The resume is the first step, your introduction to an employer. First impressions really do count. If you make a poor first impression, you'll never get to step two -- the job interview. To the purpose of your resume is to make a good first impression. In effect, your resume should tell the employer that you have good abilities and are truly interested in working. This report will help you make that good first impression. And it could very well help you to get the better job you're looking for.
Many resu`me development agencies offer resume evaluation services wherein they evaluate the resume and suggest any necessary changes. Candidates are free to either do those changes themselves or may take help of the agency itself. Some career fields include a special section listing the lifelong works of the author: for computer-related fields, the softography; for musicians and composers, the discography; for actors, a filmography.
The functional resume works well for those making a career change, having a varied work history or with little work experience. A functional resume is also preferred for applications to jobs that require very specific skills or clearly defined personality traits. A functional resume is a good method for highlighting particular skills or experiences, especially when those particular skills or experiences may have derived from a role which was held some time ago. Rather than focus on the length of time that has passed, the functional resume allows the reader to identify those skills quickly.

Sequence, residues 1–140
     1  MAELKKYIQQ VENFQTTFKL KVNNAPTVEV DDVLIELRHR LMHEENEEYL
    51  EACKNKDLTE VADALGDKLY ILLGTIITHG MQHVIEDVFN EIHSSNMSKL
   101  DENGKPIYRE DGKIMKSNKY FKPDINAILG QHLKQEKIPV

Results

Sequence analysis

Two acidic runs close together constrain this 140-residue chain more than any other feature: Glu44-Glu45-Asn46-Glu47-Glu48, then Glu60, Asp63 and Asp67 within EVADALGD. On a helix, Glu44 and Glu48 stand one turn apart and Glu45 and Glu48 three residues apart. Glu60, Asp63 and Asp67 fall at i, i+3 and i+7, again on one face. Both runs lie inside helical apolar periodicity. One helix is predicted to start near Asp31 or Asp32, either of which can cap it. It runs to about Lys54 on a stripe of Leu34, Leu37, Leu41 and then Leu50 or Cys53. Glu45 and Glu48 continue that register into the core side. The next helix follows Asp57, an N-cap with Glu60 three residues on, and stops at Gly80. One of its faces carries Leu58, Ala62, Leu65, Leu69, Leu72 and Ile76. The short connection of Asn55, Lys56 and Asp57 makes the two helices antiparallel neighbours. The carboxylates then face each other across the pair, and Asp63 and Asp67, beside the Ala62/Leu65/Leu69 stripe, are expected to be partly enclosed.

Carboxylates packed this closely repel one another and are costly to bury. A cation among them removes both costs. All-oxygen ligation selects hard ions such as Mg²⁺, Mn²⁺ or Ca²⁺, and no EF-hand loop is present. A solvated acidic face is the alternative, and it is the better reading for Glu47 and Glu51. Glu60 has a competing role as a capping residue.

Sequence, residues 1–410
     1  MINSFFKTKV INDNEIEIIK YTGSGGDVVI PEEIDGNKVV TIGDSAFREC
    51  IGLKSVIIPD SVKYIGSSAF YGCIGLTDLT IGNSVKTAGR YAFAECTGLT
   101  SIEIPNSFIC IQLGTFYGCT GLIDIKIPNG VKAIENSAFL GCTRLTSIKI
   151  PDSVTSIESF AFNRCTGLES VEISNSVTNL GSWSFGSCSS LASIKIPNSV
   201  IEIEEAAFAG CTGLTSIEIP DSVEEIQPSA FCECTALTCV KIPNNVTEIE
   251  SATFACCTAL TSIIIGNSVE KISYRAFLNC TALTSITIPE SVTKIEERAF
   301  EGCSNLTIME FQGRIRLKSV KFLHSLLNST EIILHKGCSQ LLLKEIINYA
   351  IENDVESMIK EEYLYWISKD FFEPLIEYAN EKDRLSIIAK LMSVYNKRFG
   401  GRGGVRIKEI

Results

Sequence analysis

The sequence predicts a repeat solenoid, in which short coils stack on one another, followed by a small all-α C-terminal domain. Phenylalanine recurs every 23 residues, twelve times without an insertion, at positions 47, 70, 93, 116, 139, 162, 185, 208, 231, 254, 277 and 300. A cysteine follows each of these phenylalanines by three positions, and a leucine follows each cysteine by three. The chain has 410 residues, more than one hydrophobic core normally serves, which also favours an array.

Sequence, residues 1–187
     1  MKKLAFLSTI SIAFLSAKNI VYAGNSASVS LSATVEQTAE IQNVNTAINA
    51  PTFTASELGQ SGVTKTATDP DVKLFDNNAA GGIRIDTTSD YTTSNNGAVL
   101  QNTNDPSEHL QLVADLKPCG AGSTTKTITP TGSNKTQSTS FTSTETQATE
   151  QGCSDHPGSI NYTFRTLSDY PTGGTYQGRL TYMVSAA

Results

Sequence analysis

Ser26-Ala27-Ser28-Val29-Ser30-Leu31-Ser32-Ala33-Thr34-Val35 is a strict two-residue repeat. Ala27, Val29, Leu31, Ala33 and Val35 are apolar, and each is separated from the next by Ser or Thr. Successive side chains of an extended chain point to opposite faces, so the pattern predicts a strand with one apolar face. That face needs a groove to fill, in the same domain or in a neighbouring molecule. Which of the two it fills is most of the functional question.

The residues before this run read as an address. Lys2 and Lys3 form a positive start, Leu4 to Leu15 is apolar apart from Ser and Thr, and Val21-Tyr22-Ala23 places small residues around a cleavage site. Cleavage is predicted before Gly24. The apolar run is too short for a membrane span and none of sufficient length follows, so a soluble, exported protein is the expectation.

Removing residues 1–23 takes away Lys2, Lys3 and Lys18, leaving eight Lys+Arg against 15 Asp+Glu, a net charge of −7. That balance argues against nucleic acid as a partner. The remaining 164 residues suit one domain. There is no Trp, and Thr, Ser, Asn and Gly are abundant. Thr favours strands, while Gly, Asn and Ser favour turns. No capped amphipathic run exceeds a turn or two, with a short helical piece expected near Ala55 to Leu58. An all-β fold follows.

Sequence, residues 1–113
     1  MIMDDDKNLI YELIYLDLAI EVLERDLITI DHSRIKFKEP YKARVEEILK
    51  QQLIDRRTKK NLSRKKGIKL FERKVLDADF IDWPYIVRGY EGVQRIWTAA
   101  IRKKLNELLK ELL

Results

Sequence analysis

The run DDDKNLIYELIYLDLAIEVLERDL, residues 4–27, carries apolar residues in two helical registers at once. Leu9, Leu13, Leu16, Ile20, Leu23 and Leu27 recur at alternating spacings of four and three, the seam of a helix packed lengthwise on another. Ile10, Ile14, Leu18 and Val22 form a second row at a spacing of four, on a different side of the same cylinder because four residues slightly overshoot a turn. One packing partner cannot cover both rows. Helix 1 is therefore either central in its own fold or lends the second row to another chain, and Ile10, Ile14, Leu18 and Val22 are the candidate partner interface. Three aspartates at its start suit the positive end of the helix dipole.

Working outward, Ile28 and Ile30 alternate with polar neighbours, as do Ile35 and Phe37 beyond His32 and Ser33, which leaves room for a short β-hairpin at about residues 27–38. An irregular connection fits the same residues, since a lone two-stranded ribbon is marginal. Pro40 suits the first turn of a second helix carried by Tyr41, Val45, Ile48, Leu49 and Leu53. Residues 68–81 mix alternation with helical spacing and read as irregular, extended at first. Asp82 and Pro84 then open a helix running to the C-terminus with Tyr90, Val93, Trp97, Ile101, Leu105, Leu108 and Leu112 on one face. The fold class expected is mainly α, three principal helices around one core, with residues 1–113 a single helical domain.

Acronyms and credentials after the applicant's name should be spelled out fully in the appropriate section of the resume, greater chance of being found in a computerized keyword scan. Resumes can vary in style and length, but should always contain accurate contact information of the job seeker.
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